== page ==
First Person Live bringing storytelling shows to suburbs

  • Diane Kastiel, co-producer and director of First Person Live, tells a story during the new business' first storytelling show at Two-Nine Martini Lounge in downtown Naperville. Kastiel, of Arlington Heights, has been performing at storytelling slams in Chicago for five years and said she wanted to bring the art to the suburbs.

    Diane Kastiel, co-producer and director of First Person Live, tells a story during the new business' first storytelling show at Two-Nine Martini Lounge in downtown Naperville. Kastiel, of Arlington Heights, has been performing at storytelling slams in Chicago for five years and said she wanted to bring the art to the suburbs. Courtesy of Kat Gilbert

  • It was a packed house at Two-Nine Martini Lounge in downtown Naperville as First Person Live hosted its first storytelling show. The events will take place monthly with open mic time and 10 featured storytellers sharing real tales from their lives with a five-minute limit and no props or scripts.

    It was a packed house at Two-Nine Martini Lounge in downtown Naperville as First Person Live hosted its first storytelling show. The events will take place monthly with open mic time and 10 featured storytellers sharing real tales from their lives with a five-minute limit and no props or scripts. Courtesy of Kat Gilbert

 
 
Updated 1/25/2017 10:48 AM

For a new series of storytelling events, this is the beginning.

A crowded bar at Two-Nine Martini Lounge in downtown Naperville. One hundred or so listeners, ears trained to the sound of several five-minute stories. Ten performers telling -- not reading or reciting -- true stories from their lives. One website, already selling tickets to next month's event.

                                                                                                                                                                                                                       
 

The scene is the first performance of First Person Live, a new business bringing the Chicago popularity of "Live Lit," or "Storytelling Slams," to the suburbs. In downtown Naperville, a location chosen to be convenient to residents across the West and Northwest suburbs, co-producer and director Diane Kastiel of Arlington Heights says audience members won't have to deal with city-bound traffic, pricey parking and even steeper ticket charges.

"We decided to take this fabulous form of entertainment," Kastiel says, "and bring it to people who we think are interested in new and different."

Every monthly show will be something different, based around a theme sometimes set to match the season. The January show opened with a "Personal Best" theme, maybe as inspiration for New Year's resolutioners, while next month's show on Feb. 16 takes on a Valentine's theme of "In the Name of Love."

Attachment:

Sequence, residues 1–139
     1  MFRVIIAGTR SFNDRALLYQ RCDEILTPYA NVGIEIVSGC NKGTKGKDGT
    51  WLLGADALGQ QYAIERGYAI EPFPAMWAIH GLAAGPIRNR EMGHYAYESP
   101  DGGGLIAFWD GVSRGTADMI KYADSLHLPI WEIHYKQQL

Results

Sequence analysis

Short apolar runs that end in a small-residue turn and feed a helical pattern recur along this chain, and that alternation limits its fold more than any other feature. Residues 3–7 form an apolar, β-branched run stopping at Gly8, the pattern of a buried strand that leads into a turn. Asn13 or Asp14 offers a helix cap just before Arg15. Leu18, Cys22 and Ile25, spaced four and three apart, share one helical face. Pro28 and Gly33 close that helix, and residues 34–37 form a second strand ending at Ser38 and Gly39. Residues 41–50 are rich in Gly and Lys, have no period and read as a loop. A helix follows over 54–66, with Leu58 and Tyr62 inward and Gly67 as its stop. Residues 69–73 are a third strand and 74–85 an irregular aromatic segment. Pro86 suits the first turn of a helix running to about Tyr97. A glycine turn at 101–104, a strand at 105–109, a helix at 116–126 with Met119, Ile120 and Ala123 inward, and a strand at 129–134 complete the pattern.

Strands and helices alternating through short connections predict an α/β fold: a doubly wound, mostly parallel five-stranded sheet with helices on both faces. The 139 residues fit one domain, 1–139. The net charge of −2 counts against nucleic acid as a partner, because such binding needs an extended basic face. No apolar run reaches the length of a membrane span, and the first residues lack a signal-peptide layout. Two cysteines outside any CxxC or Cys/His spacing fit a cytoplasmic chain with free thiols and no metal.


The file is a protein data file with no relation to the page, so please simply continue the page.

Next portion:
Kastiel, a writer by trade who has been participating in The Moth Story SLAMs in Chicago for the past five years, will tell one story each night along with nine other featured performers. But they don't take the stage until after an open mic period for aspiring storytellers from the audience to spin tales from their own experiences on any topic.

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"These are real people telling true stories from their lives," Kastiel said. "They don't have special training or a lot of experience. You get up there and you tell a story from the heart, and that's a very unusual thing to encounter."

The honesty and intimacy of live storytelling is fueling its popularity, Kastiel said.

"These days, people are talking more than listening to each other," she said. But not during storytelling events. "It's an opportunity to share and listen. That creates understanding and compassion. That's what is resonating with people."

Kastiel and her business partners -- two Indian women and two British women who are all West suburban residents -- want their storytelling nights to be as diverse as they are, and easy to attend.

So they chose a location where downtown parking is free, traffic isn't perfect, but fighting Naperville's north-south slog beats heading to Chicago during rush-hour, and tickets will cost $10.

                                                                                                                                                                                                                       
 

No props or scripts are allowed to keep the storytelling natural. And to avoid speeches or standup comedy routines, Kastiel encourages speakers to judge their stories by this simple criteria: "Does it have a beginning, a middle and an end? If it does, then it's probably a story."

While First Person Live establishes its regular story slams, to take place at 7:30 p.m. the third Thursday of each month, Rachna Prasad of Naperville, co-producer and director of community outreach, is working to organize future shows that will support nonprofit organizations or bring stories to residents of nursing homes.

"People love listening and sharing," Kastiel said. "This builds community."

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